Of course, recommissioning those thousand Krogg War veteran ships would take time, and if Omega was as smart as he was claiming, he’d be moving fast to avoid having to deal with Earther Naval might.

Jax had actually been waiting for some sort of horrid plague fleet to turn up in Freetown space for days – Sarah Manchester’s refugee fleet had abandoned the Genesis system a week ago, giving Omega plenty of time to move.

Now, at last, Sarah and her Genesis Fleet were cruising into Freetown space, and as yet there was no indication that Omega was anywhere nearby. He might be following the refugee convoy… he might be only a day or two away… he might be lurking on the periphery of the system, waiting for a chance… he might be going somewhere else entirely…

Might might might… Jax was impatient with himself and his inner doubts. First time in your career you’re spooked, and that’s after having six ships shot out from under you, retirement, and fighting a new Church Faithful.

That, of course, and losing his daughter.

Earthers had a way of ignoring losses like those while duty required their attention, but this was a new sort of loss for Jax. This was his daughter, his beloved cub. He didn’t want to think about Joyce, who’d been a Captain of Marines with the Second Battalion, 54th Regiment (2/54th) serving aboard Renown at Genesis. Whenever he allowed himself to remember that she was dead, he wanted to stop, and to call his wife, and then to go find Omega and kill him for it. Revenge.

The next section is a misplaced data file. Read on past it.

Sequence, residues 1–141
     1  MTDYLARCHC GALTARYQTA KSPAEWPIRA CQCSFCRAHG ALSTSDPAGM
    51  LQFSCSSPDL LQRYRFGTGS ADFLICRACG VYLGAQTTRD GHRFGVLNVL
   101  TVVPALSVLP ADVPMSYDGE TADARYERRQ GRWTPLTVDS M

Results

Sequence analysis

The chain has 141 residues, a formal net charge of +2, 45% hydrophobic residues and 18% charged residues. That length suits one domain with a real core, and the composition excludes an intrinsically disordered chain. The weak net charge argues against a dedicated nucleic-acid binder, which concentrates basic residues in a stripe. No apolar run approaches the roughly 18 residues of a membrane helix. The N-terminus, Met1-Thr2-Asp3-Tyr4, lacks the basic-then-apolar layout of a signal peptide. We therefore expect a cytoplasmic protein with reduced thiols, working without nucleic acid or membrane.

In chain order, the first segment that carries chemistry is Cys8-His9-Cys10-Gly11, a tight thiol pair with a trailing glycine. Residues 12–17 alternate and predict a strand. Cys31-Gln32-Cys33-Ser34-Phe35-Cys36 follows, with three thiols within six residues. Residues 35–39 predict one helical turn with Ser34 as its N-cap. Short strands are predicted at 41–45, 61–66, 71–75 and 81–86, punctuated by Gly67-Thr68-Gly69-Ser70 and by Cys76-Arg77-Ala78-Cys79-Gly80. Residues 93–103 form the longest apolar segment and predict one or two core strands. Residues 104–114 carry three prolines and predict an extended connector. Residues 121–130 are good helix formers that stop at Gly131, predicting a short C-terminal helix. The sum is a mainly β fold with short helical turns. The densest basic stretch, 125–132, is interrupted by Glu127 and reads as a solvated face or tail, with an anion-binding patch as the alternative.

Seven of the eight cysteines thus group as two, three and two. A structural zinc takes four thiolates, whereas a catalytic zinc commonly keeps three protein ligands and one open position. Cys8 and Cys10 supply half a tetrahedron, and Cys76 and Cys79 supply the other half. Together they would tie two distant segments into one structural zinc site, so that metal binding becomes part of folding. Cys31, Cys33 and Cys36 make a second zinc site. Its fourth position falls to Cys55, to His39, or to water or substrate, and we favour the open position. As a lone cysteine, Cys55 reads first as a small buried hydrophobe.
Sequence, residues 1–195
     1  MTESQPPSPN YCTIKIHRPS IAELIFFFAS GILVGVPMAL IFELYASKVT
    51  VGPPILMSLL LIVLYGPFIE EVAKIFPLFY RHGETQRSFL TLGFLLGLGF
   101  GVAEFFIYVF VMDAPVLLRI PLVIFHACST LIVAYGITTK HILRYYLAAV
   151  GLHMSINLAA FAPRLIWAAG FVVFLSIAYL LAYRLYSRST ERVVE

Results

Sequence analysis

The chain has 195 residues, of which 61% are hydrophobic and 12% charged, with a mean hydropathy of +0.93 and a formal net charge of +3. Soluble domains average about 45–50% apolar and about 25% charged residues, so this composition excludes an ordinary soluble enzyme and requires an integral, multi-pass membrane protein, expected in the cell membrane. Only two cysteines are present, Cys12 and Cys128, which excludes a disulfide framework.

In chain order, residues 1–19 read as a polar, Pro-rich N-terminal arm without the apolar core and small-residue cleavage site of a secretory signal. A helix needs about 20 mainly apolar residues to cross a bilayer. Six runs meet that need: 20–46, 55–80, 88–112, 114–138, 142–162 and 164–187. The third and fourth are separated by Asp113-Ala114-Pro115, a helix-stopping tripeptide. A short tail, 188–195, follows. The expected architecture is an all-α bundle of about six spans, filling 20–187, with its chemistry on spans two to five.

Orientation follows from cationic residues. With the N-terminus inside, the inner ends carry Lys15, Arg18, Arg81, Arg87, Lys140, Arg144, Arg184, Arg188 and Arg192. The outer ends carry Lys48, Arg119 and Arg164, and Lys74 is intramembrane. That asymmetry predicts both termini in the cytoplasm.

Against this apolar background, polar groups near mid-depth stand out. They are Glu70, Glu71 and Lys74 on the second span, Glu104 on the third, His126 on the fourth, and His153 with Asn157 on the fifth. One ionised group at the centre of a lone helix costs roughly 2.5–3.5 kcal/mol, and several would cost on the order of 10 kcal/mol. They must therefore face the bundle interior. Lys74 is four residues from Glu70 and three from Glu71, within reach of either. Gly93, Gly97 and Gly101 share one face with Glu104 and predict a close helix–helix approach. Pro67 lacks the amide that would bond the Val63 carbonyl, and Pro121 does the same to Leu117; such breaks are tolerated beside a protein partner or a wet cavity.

In other words, remembering her loss made him uncharacteristically emotional.

But as an Earther, Jax had the ability to retain control of his emotions, even at times like this. As much as he didn’t want it to be the case, he was the effective commander at this station… even if Audrey DeBrooke and whoever Sarah had with her happened to be officially senior in the human services.